Some distinctions are in order. Commodities are natural materials, extracted from the earth and stored in bulk. Manufactured goods (made from commodities) are tangible things, and once made are placed into inventory awaiting purchase. Delivered services (using goods) are intangible activities, performed only in response to actual demand. Staged experiences (laid atop services) are memorable events that unfold over a duration of time. These days, people spend incrementally less time and money on commodities, goods, and services, while simultaneously spending more time and money on experiences that engage them in a personal way. Increasingly, consumers are shifting their lives into the realm of experiences.

carsLet’s illustrate this progression with a few examples. Take birthdays. Fifty years ago, my mother made my birthday cakes from scratch, actually touching commodities―flour, sugar, eggs, cocoa (‘tis bizarre behavior in the twenty-first century). But, like many other moms, she one day stopped making cakes from scratch and instead started buying boxed cake mixes. Later, parents stopped making cakes from these packaged goods and instead called the grocery store, or bakery, to have a cake made on their behalf. Today, parents not only outsource the cake-making service, but the entire birthday party―to Chuck E. Cheese’s, a laser tag arcade, a local pottery studio, or any number of other party-staging venues.

Or consider coffee. Growing up, my father would buy whole beans and grind them in a small wooden box that had an ornate cast-iron handle mounted on top. My parents one day abandoned this self-grinding practice and instead bought ground coffee in a large can. Folgers! When I entered the workplace, I never brewed my own coffee (a whole pot was too much for a single man in a rush to work each morning), but instead bought a cup each day from the food service vendor at the office. Today, I consume most of my coffee in the muted backdrop of Starbucks or my local Phoenix Coffee, where I saddle in to do work, read my newspapers, or sit with friends in the ambiance of a coffee-drinking experience.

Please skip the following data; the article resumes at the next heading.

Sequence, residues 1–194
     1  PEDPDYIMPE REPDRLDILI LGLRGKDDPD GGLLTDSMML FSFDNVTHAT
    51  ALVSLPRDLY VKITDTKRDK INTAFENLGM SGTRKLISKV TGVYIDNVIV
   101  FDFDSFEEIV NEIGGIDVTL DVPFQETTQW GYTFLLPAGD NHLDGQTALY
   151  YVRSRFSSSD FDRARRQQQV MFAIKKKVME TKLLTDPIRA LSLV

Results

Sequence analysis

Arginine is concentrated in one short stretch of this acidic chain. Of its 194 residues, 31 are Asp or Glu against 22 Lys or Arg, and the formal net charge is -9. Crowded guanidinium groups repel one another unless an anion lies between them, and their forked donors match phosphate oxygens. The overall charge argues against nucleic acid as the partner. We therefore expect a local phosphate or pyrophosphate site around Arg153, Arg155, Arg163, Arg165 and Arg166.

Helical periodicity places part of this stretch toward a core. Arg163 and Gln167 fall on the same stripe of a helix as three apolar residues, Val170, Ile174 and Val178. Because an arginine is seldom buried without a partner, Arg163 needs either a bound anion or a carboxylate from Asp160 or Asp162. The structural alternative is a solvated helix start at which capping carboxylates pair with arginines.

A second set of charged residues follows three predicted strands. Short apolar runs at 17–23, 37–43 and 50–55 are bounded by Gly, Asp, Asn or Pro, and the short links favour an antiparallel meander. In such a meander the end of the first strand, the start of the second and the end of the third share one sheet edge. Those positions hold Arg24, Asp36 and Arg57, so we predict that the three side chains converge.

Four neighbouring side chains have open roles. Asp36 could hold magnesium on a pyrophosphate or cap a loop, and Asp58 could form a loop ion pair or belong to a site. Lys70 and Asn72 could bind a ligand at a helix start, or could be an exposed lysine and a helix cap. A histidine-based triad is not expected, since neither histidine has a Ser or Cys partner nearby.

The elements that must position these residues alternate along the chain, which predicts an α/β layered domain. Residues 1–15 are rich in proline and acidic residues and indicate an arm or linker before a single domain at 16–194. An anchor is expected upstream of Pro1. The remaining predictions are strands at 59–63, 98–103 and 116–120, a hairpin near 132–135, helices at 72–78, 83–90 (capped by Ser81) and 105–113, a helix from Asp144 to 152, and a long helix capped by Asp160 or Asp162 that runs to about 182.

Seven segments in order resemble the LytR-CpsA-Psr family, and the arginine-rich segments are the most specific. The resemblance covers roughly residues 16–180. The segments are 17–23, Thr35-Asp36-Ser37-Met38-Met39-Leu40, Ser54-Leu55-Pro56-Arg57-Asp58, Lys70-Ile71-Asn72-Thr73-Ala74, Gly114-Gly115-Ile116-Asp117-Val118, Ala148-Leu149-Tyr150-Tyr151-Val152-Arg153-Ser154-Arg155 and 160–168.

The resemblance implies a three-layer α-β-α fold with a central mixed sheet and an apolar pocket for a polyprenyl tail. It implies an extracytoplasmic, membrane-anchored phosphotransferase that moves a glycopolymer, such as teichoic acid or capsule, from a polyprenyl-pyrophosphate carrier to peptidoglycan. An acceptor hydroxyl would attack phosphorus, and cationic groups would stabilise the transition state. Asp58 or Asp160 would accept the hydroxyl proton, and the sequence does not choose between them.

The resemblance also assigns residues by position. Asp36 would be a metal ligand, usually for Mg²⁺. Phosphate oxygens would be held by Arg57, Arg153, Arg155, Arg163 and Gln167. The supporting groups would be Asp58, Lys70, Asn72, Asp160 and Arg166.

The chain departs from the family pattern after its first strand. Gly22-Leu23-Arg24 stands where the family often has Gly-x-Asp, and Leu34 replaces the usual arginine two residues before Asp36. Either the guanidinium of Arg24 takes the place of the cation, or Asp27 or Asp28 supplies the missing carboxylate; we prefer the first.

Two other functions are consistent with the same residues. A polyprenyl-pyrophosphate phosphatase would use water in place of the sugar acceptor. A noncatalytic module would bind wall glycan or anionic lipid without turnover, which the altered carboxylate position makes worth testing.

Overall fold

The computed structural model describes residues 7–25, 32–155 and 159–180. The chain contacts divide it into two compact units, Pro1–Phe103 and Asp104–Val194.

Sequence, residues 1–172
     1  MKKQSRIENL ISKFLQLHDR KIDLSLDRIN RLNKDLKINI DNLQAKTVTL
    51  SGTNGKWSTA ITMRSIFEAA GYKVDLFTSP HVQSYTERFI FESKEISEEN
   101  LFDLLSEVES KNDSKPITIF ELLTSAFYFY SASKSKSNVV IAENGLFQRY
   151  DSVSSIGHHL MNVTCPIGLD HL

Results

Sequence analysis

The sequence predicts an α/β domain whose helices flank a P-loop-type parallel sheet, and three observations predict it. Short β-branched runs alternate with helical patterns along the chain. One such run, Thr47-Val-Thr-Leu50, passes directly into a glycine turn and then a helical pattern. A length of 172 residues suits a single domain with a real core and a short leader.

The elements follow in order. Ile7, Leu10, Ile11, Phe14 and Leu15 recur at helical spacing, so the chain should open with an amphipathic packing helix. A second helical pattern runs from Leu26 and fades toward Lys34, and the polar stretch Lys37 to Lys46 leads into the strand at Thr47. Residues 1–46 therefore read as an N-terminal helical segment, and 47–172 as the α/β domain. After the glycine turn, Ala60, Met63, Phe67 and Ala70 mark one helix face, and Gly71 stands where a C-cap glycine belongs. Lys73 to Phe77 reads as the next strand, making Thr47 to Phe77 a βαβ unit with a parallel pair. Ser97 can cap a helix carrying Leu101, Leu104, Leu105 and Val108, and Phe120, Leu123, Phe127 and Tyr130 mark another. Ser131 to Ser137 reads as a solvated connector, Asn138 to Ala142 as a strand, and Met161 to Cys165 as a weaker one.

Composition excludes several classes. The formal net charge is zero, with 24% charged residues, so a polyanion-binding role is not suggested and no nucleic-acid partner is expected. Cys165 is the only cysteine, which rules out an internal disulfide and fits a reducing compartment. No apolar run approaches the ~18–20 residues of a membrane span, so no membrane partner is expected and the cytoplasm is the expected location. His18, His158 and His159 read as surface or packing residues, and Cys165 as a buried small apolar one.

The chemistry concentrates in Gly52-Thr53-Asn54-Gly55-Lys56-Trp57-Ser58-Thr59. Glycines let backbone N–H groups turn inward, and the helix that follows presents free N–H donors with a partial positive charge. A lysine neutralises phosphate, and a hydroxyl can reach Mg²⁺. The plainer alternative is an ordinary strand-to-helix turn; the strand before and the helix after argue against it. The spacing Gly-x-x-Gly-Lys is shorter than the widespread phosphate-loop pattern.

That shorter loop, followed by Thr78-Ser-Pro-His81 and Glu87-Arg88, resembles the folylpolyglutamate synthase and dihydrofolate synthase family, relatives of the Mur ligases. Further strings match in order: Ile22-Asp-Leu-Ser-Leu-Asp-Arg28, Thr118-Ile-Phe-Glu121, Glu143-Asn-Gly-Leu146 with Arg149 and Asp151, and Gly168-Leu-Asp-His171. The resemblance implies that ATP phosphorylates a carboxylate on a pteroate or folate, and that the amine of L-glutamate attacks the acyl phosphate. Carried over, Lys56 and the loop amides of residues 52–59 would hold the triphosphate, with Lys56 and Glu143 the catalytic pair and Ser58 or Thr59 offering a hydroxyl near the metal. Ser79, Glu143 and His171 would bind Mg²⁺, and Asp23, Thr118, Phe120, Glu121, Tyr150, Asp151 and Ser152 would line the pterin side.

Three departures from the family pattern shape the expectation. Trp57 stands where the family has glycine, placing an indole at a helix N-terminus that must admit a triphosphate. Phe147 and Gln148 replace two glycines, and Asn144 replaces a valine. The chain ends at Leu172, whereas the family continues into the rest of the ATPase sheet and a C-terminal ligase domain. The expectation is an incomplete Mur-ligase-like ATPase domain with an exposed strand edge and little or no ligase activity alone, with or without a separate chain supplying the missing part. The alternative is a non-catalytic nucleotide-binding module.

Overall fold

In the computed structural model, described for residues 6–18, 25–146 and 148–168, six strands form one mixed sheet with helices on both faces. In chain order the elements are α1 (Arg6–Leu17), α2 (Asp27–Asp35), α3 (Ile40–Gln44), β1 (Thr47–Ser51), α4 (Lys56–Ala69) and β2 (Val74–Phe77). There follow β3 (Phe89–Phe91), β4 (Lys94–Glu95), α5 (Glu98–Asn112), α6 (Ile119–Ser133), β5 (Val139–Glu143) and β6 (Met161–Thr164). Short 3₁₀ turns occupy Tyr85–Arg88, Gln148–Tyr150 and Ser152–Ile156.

In each example, one can see the shift in consumption―from commodities, to goods, to services, and then to experiences. An abundance of other experiences fill today’s economic landscape. Parents smother their kids with experiences: building plush animals at Build-A-Bear Workshop, making pilgrimages to American Girl Place, visiting Disney or other theme parks, paying for sports camps, music lessons, academic challenges, and dance competitions, and equipping the home and car with movie screens and video-game devices. Adults pamper themselves at spas, when not pushing themselves at fitness centers. Some tackle Tough Mudder. Others treat themselves to relaxing weekend getaways at luxury resorts or boutique hotels. Restaurants offer myriad new dining experiences and gastronomic adventures. New forms of tourism abound: wine tourism, film tourism, eco-tourism, disaster tourism, volunteer tourism, and so forth.

With this shift to experiences emerges a new consumer sensibility, or the primary reason for making a purchase, the dominant reason to buy.

If we look back at the days of the agrarian economy, we see that the main criterion for making a purchase was availability (price had not yet emerged as the dominant sensibility). Folks went to the market―then a physical place―to buy five dollars’ worth of some commodity, say turnips. While the price per pound might have varied by day, consumers had little concern for the cost, unless the price was to spike; and the price would only spike if turnips were in short supply, less available.